BHSc Alumni Spotlight

Health and Society

Megan

Megan Thomas, BHSc'18

PhD student

  • BHSc - Health and Society - University of Calgary
  • MSc. - Community Health Sciences - University of Calgary
  • PhD - Pharmaceutical Sciences - University of British Columbia 

The BHSc program taught me the importance of collaborating with others and considering multiple perspectives to address health inequities.

Megan Thomas, BHSc'18

What is your favorite BHSc memory?

The day we all defended our theses and were able to celebrate our hard work is such a wonderful memory for me. It was a bittersweet moment of realizing how much we had all accomplished and realizing that we were all moving on to new adventures.

Looking back, what advice would you give yourself as a student?

First, get involved! It can be tempting to isolate yourself and focus on getting a perfect GPA, but branching out to try different things, join clubs, and meet new people, are all part of the experience and could teach you things about yourself that you won’t learn in a classroom. Next, I would say that choosing a supervisor is a crucial decision and requires a careful balance between shared interests and overall compatibility. Choose a supervisor who has your best interests at heart and wants to see you succeed, because they can open so many doors for you.

What is the best thing about your current job?

As a PhD student in Pharmaceutical Sciences, I have opportunities to collaborate with a diverse group of stakeholders, including industry partners, patient networks, and international leaders in research. I especially appreciate being able to work with patient partners because hearing from them and including their perspectives reminds me why I am conducting research to begin with.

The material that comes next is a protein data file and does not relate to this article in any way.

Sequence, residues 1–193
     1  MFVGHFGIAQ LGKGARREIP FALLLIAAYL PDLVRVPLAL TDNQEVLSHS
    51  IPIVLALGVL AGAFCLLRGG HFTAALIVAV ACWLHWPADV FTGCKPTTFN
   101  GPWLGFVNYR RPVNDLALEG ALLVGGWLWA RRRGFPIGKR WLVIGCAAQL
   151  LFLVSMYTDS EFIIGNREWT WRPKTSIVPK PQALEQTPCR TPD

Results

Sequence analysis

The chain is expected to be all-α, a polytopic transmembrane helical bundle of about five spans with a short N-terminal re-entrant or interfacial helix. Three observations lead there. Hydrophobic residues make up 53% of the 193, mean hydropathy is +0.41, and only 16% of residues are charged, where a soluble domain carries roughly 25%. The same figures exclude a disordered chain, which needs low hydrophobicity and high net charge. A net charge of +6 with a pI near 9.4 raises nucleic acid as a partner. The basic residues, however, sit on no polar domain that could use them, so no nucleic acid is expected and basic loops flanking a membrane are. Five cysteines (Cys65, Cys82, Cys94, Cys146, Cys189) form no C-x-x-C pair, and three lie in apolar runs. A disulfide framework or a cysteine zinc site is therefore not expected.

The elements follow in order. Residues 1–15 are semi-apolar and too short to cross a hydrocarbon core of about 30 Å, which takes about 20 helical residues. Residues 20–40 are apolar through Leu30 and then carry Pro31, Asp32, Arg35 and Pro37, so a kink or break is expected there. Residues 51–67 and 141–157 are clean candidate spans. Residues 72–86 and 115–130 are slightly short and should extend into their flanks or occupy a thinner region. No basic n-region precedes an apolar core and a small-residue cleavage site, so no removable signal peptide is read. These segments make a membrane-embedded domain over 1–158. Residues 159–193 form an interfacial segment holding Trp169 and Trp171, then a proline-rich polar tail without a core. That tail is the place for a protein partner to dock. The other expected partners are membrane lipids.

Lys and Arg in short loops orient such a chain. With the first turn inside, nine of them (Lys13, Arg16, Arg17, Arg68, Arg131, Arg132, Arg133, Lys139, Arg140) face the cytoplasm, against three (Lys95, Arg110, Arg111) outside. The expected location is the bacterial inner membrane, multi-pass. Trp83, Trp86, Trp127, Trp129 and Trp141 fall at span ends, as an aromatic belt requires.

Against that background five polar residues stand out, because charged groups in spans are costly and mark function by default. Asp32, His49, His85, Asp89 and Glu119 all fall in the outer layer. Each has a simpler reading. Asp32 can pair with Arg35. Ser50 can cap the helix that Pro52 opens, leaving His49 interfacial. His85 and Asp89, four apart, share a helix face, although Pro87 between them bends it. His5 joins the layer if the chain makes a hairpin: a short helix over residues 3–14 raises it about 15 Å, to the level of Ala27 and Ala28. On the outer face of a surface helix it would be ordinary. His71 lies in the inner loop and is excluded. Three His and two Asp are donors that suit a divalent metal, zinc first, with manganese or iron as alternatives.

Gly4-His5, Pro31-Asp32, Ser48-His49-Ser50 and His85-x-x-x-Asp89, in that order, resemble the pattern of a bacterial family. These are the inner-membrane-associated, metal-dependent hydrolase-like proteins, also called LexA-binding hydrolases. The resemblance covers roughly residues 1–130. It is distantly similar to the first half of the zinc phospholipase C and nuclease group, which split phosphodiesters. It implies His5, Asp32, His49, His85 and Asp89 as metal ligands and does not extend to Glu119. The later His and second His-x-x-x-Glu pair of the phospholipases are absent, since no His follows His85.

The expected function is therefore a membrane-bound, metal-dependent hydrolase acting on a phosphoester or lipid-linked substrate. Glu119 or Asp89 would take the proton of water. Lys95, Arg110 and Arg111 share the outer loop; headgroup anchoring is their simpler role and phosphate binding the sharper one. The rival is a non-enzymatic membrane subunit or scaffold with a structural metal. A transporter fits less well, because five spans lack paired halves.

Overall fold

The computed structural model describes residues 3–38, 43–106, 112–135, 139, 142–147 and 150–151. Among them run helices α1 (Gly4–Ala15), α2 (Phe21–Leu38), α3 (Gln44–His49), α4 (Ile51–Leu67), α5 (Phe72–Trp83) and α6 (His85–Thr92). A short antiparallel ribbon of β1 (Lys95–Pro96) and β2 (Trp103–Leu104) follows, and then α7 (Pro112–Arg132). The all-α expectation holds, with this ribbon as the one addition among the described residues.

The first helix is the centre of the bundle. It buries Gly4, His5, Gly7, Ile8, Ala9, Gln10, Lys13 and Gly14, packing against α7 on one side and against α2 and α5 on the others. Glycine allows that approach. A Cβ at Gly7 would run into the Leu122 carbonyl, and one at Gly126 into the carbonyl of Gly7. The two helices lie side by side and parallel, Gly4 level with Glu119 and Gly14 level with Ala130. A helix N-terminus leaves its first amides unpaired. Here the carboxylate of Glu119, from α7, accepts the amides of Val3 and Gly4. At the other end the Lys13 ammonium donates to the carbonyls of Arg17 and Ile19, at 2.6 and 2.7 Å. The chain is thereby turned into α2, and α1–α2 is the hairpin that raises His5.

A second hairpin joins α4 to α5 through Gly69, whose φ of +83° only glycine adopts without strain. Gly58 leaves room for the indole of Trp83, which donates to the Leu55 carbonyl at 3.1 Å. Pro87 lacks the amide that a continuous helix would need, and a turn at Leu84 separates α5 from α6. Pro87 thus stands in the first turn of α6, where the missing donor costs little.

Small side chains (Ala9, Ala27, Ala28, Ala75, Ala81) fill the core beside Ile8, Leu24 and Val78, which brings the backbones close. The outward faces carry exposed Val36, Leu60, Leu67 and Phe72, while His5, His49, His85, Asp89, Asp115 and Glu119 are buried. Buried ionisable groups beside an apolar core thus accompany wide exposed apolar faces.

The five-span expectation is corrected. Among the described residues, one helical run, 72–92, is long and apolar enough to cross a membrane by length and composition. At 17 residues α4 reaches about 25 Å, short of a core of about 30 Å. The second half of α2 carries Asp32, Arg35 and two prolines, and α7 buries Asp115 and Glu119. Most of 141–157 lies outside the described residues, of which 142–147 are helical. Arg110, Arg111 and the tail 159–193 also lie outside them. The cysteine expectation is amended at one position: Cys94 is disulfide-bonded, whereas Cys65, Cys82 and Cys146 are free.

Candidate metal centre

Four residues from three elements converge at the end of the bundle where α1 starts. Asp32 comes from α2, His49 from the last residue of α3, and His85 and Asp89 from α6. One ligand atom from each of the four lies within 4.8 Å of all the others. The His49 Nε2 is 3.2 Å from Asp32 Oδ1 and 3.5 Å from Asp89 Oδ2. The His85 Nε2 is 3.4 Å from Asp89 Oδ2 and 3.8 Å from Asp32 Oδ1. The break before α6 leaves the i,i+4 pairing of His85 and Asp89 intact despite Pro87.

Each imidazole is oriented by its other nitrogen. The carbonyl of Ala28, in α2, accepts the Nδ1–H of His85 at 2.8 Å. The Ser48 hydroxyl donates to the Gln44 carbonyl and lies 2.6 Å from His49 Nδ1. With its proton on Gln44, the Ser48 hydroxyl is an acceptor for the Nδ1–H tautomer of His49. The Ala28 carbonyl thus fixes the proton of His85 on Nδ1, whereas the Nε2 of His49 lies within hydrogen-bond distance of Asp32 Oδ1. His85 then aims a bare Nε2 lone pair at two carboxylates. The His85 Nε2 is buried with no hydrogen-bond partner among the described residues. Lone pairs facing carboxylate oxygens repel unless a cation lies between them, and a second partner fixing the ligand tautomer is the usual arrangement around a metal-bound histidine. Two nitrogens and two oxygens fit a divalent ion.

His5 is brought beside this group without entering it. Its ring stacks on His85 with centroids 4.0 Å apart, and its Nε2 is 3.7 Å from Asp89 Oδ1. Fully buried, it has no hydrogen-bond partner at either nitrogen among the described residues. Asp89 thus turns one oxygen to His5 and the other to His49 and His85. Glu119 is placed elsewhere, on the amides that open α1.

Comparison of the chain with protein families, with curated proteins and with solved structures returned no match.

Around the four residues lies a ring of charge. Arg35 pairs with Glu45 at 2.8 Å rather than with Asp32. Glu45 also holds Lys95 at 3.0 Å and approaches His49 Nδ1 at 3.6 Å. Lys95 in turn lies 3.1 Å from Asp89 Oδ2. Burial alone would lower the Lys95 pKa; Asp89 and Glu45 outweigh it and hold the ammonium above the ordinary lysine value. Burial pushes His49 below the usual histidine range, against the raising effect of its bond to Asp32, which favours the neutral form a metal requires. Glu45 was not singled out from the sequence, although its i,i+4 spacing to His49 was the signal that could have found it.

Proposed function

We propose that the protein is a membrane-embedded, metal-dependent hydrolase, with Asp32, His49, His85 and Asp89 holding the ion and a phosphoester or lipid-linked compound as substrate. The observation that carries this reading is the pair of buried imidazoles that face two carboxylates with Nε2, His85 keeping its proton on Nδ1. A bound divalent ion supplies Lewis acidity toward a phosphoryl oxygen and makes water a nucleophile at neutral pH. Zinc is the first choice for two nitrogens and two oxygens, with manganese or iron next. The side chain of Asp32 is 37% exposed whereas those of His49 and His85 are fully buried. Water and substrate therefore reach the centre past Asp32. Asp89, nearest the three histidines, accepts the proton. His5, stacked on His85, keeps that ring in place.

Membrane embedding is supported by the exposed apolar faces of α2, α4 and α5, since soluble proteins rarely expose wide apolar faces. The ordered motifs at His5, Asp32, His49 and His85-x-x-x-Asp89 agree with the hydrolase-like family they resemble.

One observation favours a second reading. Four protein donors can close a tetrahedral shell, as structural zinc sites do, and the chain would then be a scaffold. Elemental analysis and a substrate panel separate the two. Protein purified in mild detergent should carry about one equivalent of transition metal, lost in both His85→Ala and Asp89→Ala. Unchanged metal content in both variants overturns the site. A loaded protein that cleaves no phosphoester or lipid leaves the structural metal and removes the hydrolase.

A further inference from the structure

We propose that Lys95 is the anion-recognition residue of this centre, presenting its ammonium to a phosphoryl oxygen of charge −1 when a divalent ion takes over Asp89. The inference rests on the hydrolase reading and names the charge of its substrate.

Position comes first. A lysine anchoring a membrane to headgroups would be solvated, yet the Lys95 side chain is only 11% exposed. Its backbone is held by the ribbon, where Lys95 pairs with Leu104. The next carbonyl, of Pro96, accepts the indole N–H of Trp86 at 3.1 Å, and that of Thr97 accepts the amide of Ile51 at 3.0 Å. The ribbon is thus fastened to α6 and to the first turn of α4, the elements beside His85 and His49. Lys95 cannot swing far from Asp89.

How has your career evolved?

Like almost everyone in my cohort, when I began the BHSc program I was dead set on applying to Medicine. However, my time in the BHSc program in combination with my research experiences gave me a passion for utilizing an upstream approach, investigating the root causes of patient conditions and outcomes. I ended up taking a year off after convocation and worked as a research coordinator at Foothills for a clinician scientist in rheumatology. He convinced me to do my MSc in Health Services Research at the University of Calgary, and after my experience with the BHSc program, it was an easy yes. My time conducting research in my MSc program showed me how critical pharmaceutical advancement is, particularly for patients with chronic illnesses. I am now in Vancouver attending UBC as a PhD student in Pharmaceutical Sciences to consider the impact of equity factors on patients with inflammatory arthritis when they access care. I never saw myself pursuing research long-term when I first started the BHSc program, so it’s interesting to look back and reflect on how I got here.

How did your BHSc degree help you get to where you are now/current career?

The BHSc program taught me the importance of collaborating with others and considering multiple perspectives to address health inequities. The research opportunities we were given provided me with a strong foundation going into grad school, and really allowed me to thrive.

These past few years throughout the pandemic has provided time for us to reflect on our lives. Personally, the pandemic has allowed me to realize how much I value research. In a time where we were all vulnerable, I found comfort in knowing there was a path that could help me be part of the solution, and I credit the BHSc program for instilling that passion in me.

What is the best piece of advice you have received during your career journey?

Embrace failure because your failures are arguably more important than your successes. It may be a cliché, but it is so true that when one door closes, much more exciting ones open. I have found this especially important in the world of research and academia and have heard from many mentors and supervisors that failures are just part of the game. For every grant awarded, many applications were rejected, and for every manuscript published, there were many papers that were shelved. If we avoid rejection, then we are also limiting our opportunities for success, so use your failures as an opportunity to grow and reflect. Your next failure might just be the thing you need to succeed!